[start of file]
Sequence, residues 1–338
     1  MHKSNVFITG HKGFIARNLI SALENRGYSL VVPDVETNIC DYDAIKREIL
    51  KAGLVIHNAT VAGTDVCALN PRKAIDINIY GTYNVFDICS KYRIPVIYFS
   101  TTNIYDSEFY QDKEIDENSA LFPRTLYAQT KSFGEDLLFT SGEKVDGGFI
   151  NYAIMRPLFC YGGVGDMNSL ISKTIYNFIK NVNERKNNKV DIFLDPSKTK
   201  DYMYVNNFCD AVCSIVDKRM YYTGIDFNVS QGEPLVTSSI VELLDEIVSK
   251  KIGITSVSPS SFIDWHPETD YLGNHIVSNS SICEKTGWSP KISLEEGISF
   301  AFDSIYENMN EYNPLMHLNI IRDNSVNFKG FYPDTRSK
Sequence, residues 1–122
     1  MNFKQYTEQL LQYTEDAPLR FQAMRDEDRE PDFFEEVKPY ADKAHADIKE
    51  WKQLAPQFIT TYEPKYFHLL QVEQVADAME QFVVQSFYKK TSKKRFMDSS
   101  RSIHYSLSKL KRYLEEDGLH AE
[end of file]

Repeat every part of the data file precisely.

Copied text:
Sequence, residues 1–338
     1  MHKSNVFITG HKGFIARNLI SALENRGYSL VVPDVETNIC DYDAIKREIL
    51  KAGLVIHNAT VAGTDVCALN PRKAIDINIY GTYNVFDICS KYRIPVIYFS
   101  TTNIYDSEFY QDKEIDENSA LFPRTLYAQT KSFGEDLLFT SGEKVDGGFI
   151  NYAIMRPLFC YGGVGDMNSL ISKTIYNFIK NVNERKNNKV DIFLDPSKTK
   201  DYMYVNNFCD AVCSIVDKRM YYTGIDFNVS QGEPLVTSSI VELLDEIVSK
   251  KIGITSVSPS SFIDWHPETD YLGNHIVSNS SICEKTGWSP KISLEEGISF
   301  AFDSIYENMN EYNPLMHLNI IRDNSVNFKG FYPDTRSK
Sequence, residues 1–122
     1  MNFKQYTEQL LQYTEDAPLR FQAMRDEDRE PDFFEEVKPY ADKAHADIKE
    51  WKQLAPQFIT TYEPKYFHLL QVEQVADAME QFVVQSFYKK TSKKRFMDSS
   101  RSIHYSLSKL KRYLEEDGLH AE